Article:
After scouring your fabric, you will then need to use a mordant. There is a great explanation for making both alum and iron mordant in the library book The Wild Dyer by Abigail Booth. I highly recommend pick up this book if you are interested in natural dyeing. It is very informative, has great pictures of the final dye colors, and explains the process from start to finish in an easy-to-understand way. It was extremely useful to me in my research for this tidbit.

The process for using alum and iron mordant is very different so make sure you know the correct process for each before using! You will need to soak fabric in alum in order to make sure it works, but soaking fabric in iron mordant can damage fabric.

After you have worked out the mordant situation, it is time to dye!

Making a natural dye bath is a bit like making tea. First you add the material you are using to create a dye to water and then you heat it on low heat until it simmers. You allow this to simmer for at least an hour, lower times will create a stronger dye. After it has simmered to the correct dye level you take the dye bath off the heat and strain it using the muslin and the strainer, into a separate stainless steel dye pot, removing the plant, invertebrate or mineral used to create the dye.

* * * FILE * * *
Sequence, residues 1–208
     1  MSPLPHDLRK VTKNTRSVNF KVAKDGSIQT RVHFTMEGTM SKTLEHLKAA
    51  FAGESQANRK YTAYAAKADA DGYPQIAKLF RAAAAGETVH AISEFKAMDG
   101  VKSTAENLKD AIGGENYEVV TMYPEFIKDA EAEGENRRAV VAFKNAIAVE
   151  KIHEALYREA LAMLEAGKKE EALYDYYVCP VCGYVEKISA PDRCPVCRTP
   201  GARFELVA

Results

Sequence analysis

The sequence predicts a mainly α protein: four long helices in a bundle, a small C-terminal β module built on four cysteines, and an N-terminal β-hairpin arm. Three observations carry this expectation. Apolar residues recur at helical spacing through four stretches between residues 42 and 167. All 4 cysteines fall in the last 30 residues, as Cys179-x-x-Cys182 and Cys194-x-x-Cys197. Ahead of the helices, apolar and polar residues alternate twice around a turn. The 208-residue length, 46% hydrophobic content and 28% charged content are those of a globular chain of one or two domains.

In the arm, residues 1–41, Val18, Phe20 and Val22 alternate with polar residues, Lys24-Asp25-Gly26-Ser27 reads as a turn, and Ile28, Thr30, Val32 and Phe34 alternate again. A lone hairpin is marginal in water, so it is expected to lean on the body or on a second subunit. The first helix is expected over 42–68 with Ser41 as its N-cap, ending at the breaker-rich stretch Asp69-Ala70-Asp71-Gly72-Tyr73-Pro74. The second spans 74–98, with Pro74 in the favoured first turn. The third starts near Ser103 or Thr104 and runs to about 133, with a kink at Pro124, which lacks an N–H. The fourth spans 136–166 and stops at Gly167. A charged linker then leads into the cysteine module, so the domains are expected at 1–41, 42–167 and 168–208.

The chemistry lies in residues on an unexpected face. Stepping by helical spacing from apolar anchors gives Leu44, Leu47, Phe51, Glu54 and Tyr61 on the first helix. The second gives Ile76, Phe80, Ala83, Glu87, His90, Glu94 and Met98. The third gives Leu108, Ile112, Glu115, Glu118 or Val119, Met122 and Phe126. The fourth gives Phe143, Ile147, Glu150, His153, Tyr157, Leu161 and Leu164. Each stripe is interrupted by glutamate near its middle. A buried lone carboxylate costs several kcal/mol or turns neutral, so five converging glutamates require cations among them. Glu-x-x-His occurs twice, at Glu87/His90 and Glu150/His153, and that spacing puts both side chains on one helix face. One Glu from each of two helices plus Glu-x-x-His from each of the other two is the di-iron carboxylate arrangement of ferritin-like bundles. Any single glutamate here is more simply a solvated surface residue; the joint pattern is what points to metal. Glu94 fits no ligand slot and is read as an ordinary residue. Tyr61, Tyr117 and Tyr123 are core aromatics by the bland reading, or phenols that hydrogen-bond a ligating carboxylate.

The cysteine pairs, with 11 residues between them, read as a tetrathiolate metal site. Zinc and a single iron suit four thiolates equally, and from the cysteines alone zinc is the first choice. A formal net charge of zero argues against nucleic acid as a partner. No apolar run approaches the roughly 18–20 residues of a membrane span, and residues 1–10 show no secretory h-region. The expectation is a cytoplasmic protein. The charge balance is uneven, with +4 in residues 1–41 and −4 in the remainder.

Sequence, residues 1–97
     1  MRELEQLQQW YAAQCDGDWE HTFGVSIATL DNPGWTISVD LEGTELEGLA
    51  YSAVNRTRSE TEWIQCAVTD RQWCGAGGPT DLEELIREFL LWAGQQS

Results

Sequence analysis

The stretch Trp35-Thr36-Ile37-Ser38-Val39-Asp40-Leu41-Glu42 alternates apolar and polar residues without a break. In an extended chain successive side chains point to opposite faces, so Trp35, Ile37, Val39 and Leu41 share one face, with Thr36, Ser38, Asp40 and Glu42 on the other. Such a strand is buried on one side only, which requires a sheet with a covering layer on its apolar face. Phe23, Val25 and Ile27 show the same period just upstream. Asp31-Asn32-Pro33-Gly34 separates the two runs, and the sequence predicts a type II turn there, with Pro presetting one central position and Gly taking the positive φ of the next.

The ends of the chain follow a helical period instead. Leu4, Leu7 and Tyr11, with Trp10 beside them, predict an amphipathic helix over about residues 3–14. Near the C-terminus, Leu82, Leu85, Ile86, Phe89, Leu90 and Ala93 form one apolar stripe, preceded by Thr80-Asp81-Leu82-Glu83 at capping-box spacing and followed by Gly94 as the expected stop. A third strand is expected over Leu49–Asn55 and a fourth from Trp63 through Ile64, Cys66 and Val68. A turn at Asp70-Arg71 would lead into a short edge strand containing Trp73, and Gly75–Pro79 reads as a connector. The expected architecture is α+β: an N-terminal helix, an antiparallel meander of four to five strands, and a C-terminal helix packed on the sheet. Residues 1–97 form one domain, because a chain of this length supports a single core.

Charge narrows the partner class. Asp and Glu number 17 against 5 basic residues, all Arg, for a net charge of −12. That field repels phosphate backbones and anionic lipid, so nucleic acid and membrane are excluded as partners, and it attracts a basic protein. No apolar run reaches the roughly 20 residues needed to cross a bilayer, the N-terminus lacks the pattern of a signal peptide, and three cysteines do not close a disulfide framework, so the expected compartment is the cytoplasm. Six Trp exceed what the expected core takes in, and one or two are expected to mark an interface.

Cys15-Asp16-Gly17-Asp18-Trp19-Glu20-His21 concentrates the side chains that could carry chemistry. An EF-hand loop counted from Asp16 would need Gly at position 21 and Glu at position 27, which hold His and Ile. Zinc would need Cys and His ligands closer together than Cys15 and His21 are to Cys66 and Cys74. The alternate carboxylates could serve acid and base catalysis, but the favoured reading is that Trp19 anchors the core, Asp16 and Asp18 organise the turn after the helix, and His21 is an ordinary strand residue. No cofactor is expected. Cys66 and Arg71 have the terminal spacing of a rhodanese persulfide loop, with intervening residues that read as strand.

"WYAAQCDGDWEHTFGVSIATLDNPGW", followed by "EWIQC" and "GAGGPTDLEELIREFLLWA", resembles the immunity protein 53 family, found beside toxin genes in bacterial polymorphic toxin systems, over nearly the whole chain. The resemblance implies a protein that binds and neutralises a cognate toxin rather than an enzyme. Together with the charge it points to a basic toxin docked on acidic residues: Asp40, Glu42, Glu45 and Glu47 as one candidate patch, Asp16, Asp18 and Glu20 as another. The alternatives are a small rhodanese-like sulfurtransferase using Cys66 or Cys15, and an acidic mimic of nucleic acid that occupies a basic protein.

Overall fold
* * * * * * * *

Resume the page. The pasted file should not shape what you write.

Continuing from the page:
Place the strained dye bath back onto the heat and submerge your prepared fabric, making sure to push out all the air bubbles! If you leave air bubbles it will expose fabric to the air and any fabric exposed to air will not be dyed.

You want to keep this mixture hot but not simmering for at least an hour. After that remove the pot from the heat but leave the fabric in the pot to soak at least overnight. Once your fabric has been left to soak and has reached the desired color, remembering that wet fabric looks darker than dried fabric will be, remove it and rinse it several times in the rinse bucket until the water goes clear. Then hang it to dry.

The cool thing about dyeing with natural dyes is that once you are finished with the dye bath the left-over mixture can be used to water your lawn or garden! You can also save dye baths to use in the future by storing them in glass jars.

The library has 5 natural dye programs planned, once a month from June to August and then two in September. All but the very last one, which is on the following Wednesday, take place on the second to last or last Monday of the month and begin at 6pm. Registration is required for these programs and registration will fill up quite fast so make sure you register early!

The different types of natural dye that you will get to learn about and practice with are: